A publication of the Archaeological Institute of America
Known for Mardi Gras, jazz, and Cajun culture, Louisiana also has a wealth of Native American sites dating to as early as 4000 B.C. The most obvious remains of ancient peoples are the many mounds that can be seen throughout the state, in cotton and soybean fields, hidden in woods, or even under houses. In all, there are more than 700 mound complexes or individual mounds in Louisiana. Built over millennia, they include some of the oldest and best-preserved such structures in North America.
Mound building began around 6,000 years ago, at a time when people were becoming more sedentary, though not yet involved in agriculture, and continued until the period of European contact. The first mounds may have marked seasonal homes with abundant resources for nomadic hunter-gatherers, but mounds were used for different purposes at different times and places. Burials have been found in some mounds, while archaeologists have identified house patterns and found domestic objects on mounds that were apparently residential sites. Others likely served religious purposes. Whatever their use, these earthen structures are a reminder of cultures past, a heritage that should be protected and shared.
To celebrate Louisiana's Native American mounds, a series of historical markers has now been installed, creating the Ancient Mounds Trail. Currently made up of 37 sites that can be viewed from public highways, the trail's purpose is to educate the public about the state's earliest people while also diversifying and expanding tourism. The mounds are a lesser-known aspect of Louisiana's past, one that the state would like to better publicize and make accessible. More visitors would be especially welcome in mound-rich northeastern Louisiana, the region that currently receives the smallest number of tourists.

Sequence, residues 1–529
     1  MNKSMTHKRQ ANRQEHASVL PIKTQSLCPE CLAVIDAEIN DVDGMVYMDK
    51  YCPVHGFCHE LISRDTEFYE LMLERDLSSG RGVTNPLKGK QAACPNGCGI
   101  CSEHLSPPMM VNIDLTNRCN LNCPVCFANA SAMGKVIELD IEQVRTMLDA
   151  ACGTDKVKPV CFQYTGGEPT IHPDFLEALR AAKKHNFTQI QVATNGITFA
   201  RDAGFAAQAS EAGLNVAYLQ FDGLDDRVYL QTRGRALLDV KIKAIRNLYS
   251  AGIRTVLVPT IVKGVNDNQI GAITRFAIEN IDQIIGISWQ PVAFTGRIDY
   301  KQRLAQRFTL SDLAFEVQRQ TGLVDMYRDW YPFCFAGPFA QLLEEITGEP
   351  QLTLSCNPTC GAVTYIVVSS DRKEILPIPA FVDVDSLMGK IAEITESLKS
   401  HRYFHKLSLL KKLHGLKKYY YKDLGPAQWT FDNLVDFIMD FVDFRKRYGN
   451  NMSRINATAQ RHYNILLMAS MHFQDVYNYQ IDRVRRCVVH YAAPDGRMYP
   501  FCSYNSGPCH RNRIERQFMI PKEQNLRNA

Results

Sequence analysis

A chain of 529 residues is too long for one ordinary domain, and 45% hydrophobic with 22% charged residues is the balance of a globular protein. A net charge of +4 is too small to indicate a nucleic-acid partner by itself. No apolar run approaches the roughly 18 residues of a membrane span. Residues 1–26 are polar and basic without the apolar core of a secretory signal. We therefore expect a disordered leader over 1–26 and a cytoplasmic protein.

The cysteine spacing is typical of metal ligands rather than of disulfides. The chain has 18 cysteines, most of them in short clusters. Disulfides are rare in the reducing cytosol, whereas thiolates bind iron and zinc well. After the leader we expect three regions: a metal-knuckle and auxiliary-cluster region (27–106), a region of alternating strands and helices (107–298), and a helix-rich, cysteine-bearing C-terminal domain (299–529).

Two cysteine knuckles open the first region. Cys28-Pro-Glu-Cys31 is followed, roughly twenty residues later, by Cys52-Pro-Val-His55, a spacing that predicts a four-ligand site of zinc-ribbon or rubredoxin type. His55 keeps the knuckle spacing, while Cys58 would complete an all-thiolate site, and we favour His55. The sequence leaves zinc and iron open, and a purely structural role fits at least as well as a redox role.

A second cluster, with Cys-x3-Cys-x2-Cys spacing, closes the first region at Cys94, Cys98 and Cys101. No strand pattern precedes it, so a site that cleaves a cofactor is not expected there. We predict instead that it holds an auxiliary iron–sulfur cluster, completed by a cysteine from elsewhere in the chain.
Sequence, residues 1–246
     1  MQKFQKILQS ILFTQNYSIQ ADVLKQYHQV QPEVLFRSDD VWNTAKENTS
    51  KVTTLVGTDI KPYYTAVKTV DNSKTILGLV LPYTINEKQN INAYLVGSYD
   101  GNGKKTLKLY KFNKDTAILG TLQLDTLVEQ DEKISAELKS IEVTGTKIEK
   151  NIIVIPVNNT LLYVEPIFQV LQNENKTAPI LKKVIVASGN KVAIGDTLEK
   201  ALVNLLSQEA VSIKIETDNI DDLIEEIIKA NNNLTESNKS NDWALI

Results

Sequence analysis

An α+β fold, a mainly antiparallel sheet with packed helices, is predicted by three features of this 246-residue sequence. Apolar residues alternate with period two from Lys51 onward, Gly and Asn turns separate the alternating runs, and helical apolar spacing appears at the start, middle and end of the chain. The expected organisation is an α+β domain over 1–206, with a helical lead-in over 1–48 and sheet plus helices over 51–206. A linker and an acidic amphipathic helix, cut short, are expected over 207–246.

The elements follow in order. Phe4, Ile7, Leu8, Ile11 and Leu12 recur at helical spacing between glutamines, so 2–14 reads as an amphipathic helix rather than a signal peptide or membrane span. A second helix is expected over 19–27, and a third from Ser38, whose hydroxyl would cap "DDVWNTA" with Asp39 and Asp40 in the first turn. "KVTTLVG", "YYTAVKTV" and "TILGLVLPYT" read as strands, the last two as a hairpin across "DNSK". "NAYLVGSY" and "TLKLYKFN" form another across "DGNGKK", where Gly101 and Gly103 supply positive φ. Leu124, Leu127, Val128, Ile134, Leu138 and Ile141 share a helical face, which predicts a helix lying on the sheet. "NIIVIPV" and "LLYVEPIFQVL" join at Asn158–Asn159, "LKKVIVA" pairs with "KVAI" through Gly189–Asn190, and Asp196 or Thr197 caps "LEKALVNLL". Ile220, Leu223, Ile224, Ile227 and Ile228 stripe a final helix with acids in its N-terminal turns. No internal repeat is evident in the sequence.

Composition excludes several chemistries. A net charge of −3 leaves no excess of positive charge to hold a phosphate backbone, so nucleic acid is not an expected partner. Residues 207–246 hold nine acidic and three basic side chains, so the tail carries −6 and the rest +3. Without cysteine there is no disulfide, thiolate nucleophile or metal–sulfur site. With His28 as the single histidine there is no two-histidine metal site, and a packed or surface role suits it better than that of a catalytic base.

The idea for a trail came from the desire of the state's Division of Archaeology to recognize the sites and make those that could be seen from the right of way available to the public. Northeast Louisiana Regional Archaeologist Joe Saunders and Reca Jones, the woman who discovered the Middle Archaic site of Watson Brake and is now an assistant in the Northeast Regional Archaeology Program, started the process. They began identifying the mound sites that are viewable from highways and contacting the landowners to see if they would be willing to participate in a trails program. The Division of Archaeology secured Federal Highway Administration funds from the Department of Transportation and Development in Louisiana to mark the sites with historical markers and to develop a guidebook that would provide more information for those wishing to follow the trail.
Participation of private landowners was critical to the success of this project. A few of the sites--Poverty Point, Marsden, and Marksville--are owned by the public, but most mounds are in private hands. The Ancient Mounds Trail is part of a greater Heritage Area, which itself is mostly made up of mounds on private property that landowners have agreed to protect. The state has been quite successful in landowner cooperation and stewardship, and there are about 80 sites and 86 owners involved so far. The private owners have agreed to become stewards, whereby they protect the sites from looting, farming, and other activities that would damage the mounds or other archaeological remains. There is no payment involved, each participating landowner gets a certificate of appreciation and recognition. There are means by which they can obtain an easement for their site with the Louisiana Archaeological Conservancy, providing them with tax benefits, but this is not part of the program's objective.